Advanced Search
MyIDEAS: Login to save this paper or follow this series

Minsky's Financial Fragility Hypothesis: a Missing Macroeconomic Link?

Contents:

Author Info

  • Lavoie, M.
  • Seccareccia, M.

Abstract

The paper examines an important contribution of Hyman P. Minsky to Post-Keynesian economic analysis: his financial fragility hypothesis. Because of its lack of Keynesian macroeconomic foundation, the authors show how his famous hypothesis is built on a rather faulty theoretical analysis. Moreover, by studying data from Canada and other OECD countries, the paper also seeks to demonstrate why Minsky hypothesis is based on a shaky empirical one.

Download Info

To our knowledge, this item is not available for download. To find whether it is available, there are three options:
1. Check below under "Related research" whether another version of this item is available online.
2. Check on the provider's web page whether it is in fact available.
3. Perform a search for a similarly titled item that would be available.

Bibliographic Info

Paper provided by University of Ottawa, Department of Economics in its series Working Papers with number 9904e.

as in new window
Length: 28 pages
Date of creation: 1999
Date of revision:
Handle: RePEc:ott:wpaper:9904e

Contact details of provider:
Postal: PO Box 450, Station A, Ottawa, Ontario, K1N 6N5
Phone: (613) 562-5753
Fax: (613) 562-5999
Email:
Web page: http://www.socialsciences.uottawa.ca/eco/eng/index.asp
More information through EDIRC

Related research

Keywords: MONEY ; FINANCIAL MARKET ; CANADA;

Find related papers by JEL classification:

References

No references listed on IDEAS
You can help add them by filling out this form.

Citations

Citations are extracted by the CitEc Project, subscribe to its RSS feed for this item.
as in new window

Cited by:
  1. Marco, Passarella, 2011. "Systemic financial fragility and the monetary circuit: a stock-flow consistent approach," MPRA Paper 28498, University Library of Munich, Germany.
  2. Passarella, Marco, 2011. "The two-price model revisited. A Minskian-Kaleckian reading of the process of 'financialization'," MPRA Paper 32033, University Library of Munich, Germany.
  3. Greg Hannsgen, 2003. "Minsky's Acceleration Channel and the Role of Money," Economics Working Paper Archive wp_384, Levy Economics Institute.
  4. Eric Tymoigne, 2010. "Detecting Ponzi Finance: An Evolutionary Approach to the Measure of Financial Fragility," Economics Working Paper Archive wp_605, Levy Economics Institute.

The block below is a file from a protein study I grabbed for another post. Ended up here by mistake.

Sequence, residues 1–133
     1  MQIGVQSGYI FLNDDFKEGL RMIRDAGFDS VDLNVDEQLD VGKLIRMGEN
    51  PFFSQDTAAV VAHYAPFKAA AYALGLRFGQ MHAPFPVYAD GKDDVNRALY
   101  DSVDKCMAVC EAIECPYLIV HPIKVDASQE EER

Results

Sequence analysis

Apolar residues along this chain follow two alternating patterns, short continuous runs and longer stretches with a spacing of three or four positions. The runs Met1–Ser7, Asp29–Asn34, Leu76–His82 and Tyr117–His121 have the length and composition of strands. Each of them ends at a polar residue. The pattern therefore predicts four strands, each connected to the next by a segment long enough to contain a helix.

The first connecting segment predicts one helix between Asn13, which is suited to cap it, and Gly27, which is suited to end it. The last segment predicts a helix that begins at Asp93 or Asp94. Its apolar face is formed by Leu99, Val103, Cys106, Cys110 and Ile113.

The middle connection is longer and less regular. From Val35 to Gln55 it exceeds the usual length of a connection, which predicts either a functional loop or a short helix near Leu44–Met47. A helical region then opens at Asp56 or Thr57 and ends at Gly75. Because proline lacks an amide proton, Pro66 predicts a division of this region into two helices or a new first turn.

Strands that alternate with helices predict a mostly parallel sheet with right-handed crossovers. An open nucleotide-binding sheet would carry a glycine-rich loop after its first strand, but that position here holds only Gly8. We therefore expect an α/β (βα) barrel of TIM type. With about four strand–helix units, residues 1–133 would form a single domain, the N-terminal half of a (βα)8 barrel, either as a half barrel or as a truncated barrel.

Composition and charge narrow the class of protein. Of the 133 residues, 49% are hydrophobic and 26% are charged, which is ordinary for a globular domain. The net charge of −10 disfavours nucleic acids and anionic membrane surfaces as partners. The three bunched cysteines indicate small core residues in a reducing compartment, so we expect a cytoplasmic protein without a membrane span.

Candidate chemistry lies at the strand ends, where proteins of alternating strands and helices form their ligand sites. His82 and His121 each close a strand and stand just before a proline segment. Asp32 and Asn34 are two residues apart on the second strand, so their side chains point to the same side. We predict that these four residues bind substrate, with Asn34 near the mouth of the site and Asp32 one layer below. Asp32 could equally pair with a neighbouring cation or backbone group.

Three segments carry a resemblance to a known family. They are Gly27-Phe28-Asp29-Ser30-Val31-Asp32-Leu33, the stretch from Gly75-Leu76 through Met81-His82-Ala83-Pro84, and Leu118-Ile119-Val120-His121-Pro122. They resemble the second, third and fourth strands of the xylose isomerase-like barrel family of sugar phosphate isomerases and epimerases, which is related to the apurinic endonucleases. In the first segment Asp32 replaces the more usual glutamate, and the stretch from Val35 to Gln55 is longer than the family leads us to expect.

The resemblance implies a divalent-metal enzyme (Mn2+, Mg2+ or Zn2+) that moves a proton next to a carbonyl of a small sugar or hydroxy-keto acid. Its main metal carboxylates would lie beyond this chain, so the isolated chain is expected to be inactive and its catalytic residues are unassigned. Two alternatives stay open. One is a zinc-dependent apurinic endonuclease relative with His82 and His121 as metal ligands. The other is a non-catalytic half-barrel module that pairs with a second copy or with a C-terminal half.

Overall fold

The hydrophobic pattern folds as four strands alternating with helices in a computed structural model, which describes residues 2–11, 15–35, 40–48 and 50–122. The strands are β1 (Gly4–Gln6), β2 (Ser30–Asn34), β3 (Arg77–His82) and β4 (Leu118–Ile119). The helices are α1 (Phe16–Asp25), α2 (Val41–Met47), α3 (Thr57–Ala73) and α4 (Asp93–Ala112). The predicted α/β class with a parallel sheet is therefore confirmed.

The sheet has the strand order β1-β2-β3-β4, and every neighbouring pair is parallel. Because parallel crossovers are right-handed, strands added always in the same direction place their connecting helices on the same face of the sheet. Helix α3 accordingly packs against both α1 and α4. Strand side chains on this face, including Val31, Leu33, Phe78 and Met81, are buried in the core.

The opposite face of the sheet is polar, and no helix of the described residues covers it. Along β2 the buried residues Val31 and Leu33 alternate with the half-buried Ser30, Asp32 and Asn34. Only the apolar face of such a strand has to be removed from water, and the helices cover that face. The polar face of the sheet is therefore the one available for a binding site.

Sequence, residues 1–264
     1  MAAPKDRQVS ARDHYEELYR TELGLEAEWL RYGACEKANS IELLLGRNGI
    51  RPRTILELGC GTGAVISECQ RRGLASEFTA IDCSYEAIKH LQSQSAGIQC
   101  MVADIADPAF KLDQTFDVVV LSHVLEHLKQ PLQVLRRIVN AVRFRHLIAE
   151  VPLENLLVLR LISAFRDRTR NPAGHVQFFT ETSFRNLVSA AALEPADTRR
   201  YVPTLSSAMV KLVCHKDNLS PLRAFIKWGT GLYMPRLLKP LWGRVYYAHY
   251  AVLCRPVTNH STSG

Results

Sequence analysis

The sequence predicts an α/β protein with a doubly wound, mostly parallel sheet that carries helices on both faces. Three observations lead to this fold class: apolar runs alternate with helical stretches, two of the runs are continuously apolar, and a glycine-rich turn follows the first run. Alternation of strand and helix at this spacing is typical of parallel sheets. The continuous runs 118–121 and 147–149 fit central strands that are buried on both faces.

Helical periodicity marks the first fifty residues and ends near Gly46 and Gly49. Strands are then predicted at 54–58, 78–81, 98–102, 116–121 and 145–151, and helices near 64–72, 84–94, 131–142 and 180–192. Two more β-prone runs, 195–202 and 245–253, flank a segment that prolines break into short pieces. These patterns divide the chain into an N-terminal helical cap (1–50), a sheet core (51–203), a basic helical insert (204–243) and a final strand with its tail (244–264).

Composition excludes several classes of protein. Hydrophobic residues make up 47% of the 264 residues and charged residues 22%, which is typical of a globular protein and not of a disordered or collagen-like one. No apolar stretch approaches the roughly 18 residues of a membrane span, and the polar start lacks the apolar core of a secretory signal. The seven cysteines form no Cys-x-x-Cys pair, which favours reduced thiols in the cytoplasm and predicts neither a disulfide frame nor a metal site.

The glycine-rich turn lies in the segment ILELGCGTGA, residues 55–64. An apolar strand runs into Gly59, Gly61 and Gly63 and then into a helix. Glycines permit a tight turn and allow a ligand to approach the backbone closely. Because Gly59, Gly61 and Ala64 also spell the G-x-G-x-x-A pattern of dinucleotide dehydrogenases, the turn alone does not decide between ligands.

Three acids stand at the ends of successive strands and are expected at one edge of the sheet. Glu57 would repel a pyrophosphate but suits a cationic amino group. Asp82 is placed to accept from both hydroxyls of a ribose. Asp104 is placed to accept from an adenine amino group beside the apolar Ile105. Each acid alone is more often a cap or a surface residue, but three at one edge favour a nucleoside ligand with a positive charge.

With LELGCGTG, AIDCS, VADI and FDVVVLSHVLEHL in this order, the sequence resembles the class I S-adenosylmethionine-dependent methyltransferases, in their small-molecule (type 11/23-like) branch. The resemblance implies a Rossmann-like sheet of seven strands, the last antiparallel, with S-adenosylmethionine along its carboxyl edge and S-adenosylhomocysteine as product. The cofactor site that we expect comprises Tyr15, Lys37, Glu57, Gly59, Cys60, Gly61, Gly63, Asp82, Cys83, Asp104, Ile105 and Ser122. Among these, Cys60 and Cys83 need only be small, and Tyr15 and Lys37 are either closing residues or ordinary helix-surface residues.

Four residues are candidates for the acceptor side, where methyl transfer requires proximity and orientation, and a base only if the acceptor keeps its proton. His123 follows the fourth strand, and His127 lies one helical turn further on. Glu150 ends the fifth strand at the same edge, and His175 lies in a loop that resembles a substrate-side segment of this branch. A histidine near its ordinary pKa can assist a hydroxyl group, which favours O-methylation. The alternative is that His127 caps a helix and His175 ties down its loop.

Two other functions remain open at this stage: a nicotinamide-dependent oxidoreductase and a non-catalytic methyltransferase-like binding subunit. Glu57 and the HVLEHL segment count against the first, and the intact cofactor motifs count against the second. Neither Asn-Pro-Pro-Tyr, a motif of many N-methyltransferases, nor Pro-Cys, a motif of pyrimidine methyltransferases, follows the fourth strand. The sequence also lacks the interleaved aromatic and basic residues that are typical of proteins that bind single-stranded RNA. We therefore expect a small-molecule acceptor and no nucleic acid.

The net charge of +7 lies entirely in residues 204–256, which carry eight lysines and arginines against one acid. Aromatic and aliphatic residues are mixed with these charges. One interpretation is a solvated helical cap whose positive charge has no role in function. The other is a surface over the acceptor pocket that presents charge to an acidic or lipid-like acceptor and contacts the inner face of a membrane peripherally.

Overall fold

5. Eckhard Hein & Till van Treeck, 2008. "'Financialisation' in Post-Keynesian models of distribution and growth - a systematic review," IMK Working Paper 10-2008, IMK at the Hans Boeckler Foundation, Macroeconomic Policy Institute.
  6. Eric Tymoigne, 2006. "The Minskyan System, Part II: Dynamics of the Minskyan Analysis and the Financial Fragility Hypothesis," Economics Working Paper Archive wp_453, Levy Economics Institute.
  7. Eugenio Caverzasi & Antoine Godin, 2013. "Stock-flow Consistent Modeling through the Ages," Economics Working Paper Archive wp_745, Levy Economics Institute.
  8. Marc Lavoie & Wynne Godley, 2000. "Kaleckian Models of Growth in a Stock-Flow Monetary Framework: A Neo-Kaldorian Model," Macroeconomics 0004049, EconWPA.
  9. Marco, Passarella, 2011. "A simplified stock-flow consistent dynamic model of the systemic financial fragility in the 'New Capitalism'," MPRA Paper 28499, University Library of Munich, Germany.

Lists

This item is not listed on Wikipedia, on a reading list or among the top items on IDEAS.

Statistics

Access and download statistics

Corrections

When requesting a correction, please mention this item's handle: RePEc:ott:wpaper:9904e. See general information about how to correct material in RePEc.

For technical questions regarding this item, or to correct its authors, title, abstract, bibliographic or download information, contact: (Diane Ritchot).

If you have authored this item and are not yet registered with RePEc, we encourage you to do it here. This allows to link your profile to this item. It also allows you to accept potential citations to this item that we are uncertain about.

If references are entirely missing, you can add them using this form.

If the full references list an item that is present in RePEc, but the system did not link to it, you can help with this form.

If you know of missing items citing this one, you can help us creating those links by adding the relevant references in the same way as above, for each refering item. If you are a registered author of this item, you may also want to check the "citations" tab in your profile, as there may be some citations waiting for confirmation.

Please note that corrections may take a couple of weeks to filter through the various RePEc services.